Amid all the big disagreements in Scottish politics, there are still some areas of common ground. From arch Brexiteers to committed Europeans, from Union flag wavers to those still wearing Yes badges, and from austerity cheerleaders on the Tory benches to left-leaners who passionately believe in a new economic vision for the country; pretty much everyone agrees about one thing. We have a woefully low level of productivity.
This is a problem which both Scottish and UK Governments have acknowledged, and which economists from the dominant centre-ground to the radical fringes agree on. It’s also going to be relevant whether we stay in the EU or leave, and whether the UK remains this uneasy union or becomes two independent countries (or even in the newly reimagined fantasy world of federalism).
For Greens as well, although we object to the obsession others have with the dominance of GDP growth or the idea that it can last forever on a planet of finite resources, productivity has an important role to play. If we had the kind of strong and resilient local economies that Greens believe in, with a diversity of independent businesses and different ownership models, putting sustainable resources to use meeting social needs, this would require significant levels of productivity.
But just as Greens make the case that GDP fails to measure many things that matter in life, we also need to be careful about what we mean by productivity. It’s measured differently at the level of an individual business, and at the level of a whole economy. But it tends to focus on one principal input – labour – regardless of the quality of the employment and without considering other inputs such as the overconsumption of finite resources, from hydrocarbons to fish stocks. And it tends to focus on one principal output – economic value – regardless of how fairly that value is shared in society and without considering other outputs like pollution or health impacts.
So just as a narrow GDP-based view of economic activity can distract us from other things that matter, a narrow understanding of productivity can do the same.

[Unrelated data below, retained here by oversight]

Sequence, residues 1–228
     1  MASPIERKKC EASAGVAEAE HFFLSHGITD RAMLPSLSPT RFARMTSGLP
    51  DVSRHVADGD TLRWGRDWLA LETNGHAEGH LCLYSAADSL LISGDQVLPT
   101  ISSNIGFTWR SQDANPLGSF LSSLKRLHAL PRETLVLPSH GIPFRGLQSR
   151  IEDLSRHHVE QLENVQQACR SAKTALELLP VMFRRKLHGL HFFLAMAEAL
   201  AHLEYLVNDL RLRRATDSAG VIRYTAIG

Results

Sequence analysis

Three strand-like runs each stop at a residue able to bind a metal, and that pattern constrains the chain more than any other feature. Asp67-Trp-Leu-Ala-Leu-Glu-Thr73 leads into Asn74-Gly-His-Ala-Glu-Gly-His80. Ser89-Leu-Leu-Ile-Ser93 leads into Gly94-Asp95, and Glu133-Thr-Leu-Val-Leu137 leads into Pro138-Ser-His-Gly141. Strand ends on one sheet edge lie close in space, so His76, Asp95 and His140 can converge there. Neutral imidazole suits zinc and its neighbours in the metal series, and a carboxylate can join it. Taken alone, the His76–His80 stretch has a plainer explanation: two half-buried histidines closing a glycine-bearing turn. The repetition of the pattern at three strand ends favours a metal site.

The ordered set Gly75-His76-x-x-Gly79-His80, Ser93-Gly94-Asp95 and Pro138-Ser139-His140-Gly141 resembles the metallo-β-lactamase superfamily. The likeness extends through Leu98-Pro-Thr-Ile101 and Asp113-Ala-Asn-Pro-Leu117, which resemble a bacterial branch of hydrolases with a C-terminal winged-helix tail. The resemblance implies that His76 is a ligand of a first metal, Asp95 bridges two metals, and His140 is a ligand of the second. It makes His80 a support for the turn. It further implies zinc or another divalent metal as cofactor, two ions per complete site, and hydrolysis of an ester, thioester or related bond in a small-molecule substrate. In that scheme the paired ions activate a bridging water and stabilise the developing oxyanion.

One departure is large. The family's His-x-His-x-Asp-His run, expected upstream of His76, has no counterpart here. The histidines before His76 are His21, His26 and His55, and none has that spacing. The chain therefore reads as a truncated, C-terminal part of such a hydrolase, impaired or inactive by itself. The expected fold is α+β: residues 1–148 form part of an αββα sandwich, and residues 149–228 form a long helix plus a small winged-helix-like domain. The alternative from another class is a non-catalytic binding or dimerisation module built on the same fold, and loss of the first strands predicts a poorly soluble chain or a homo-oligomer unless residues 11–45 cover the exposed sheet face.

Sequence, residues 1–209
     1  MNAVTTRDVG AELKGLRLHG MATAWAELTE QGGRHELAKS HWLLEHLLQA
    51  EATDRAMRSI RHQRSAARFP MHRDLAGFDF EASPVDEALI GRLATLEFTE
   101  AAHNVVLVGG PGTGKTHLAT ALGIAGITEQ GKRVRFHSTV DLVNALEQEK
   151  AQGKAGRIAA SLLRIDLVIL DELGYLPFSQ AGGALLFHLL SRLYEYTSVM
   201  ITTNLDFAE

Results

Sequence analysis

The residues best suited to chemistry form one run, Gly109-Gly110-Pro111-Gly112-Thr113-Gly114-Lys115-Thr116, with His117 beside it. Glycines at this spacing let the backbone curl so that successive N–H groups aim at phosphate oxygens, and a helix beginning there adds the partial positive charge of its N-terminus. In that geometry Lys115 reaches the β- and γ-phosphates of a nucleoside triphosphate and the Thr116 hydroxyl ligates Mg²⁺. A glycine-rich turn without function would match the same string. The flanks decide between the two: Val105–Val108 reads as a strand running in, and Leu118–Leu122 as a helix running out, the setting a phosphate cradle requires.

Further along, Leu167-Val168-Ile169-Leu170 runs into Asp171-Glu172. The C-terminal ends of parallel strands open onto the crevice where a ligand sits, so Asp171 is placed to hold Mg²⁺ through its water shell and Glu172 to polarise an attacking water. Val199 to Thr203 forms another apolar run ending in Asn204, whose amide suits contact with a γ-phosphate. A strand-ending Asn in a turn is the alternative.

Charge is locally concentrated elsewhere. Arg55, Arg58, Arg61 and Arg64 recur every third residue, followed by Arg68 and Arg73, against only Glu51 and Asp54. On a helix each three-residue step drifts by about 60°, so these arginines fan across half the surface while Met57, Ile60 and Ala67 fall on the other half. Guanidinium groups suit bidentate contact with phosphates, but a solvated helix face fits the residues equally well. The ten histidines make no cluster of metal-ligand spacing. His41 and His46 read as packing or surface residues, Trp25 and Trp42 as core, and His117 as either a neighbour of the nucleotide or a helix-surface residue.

Many people agree we’re on the verge of a new wave of automation, and see the prospect that this will herald greater productivity. But it also brings the risk of unemployment and underemployment, as well as greater concentrations of power and money, as a lower share of economic value goes into wages.
This isn’t to deny there will be benefits, with driverless transport for example potentially helping reduce emissions, congestion, injuries and fatalities. Automation could also make other goods and services more affordable – at least for people lucky enough to still be in work. But we can’t afford to ignore the downsides.
There are other areas where higher productivity could even be the opposite of what we need. Take for example the care sector. Whether it’s childcare or care of the elderly, the “output” is not a product you can measure in the conventional ways – it’s the quality of care that matters, not the unit cost of delivery. Increasing productivity by paying poverty wages or reducing the time carers spend with people undermines the whole purpose.
Education is similar. We could measure productivity in exam passes or league tables, but that ignores the long-term damage to people and the economy which can come from “teaching to the test”. Stripping out the labour input is a bit like trying to make a bus run more efficiently by reducing the number of wheels.
If our economic ideas ignore consumption patterns or the value of employment, rather than production, or ignore the distribution of income and wealth, the best we can do is build an economy that’s very efficient at exploiting people and the planet.
This week’s Finance Committee in Holyrood discussed economic forecasts, and there are very few these days that don’t paint a bleak picture. The weak recovery from the crash, the UK’s structural problems, and the growing economic impact of the climate crisis were already a lot to deal with; and that’s before the chaos of Brexit. Yet we’re still relying on mainstream economic models which failed to predict the crash, and which have barely been tweaked since.
If we felt that the world was a stable place right now, with little risk of economic surprises, we might get away with that kind of complacency for a while. As 2016 draws to a close, does anyone really feel that way?
We can look at our low productivity and say “something must be done”. But if the actions we take are grounded in tired and failed economic assumptions, they’ll ignore what matters in life.
A truly productive economy must provide prosperity that benefits everyone and the kind of secure, rewarding work and public services we all want and need.
This article first appeared in the National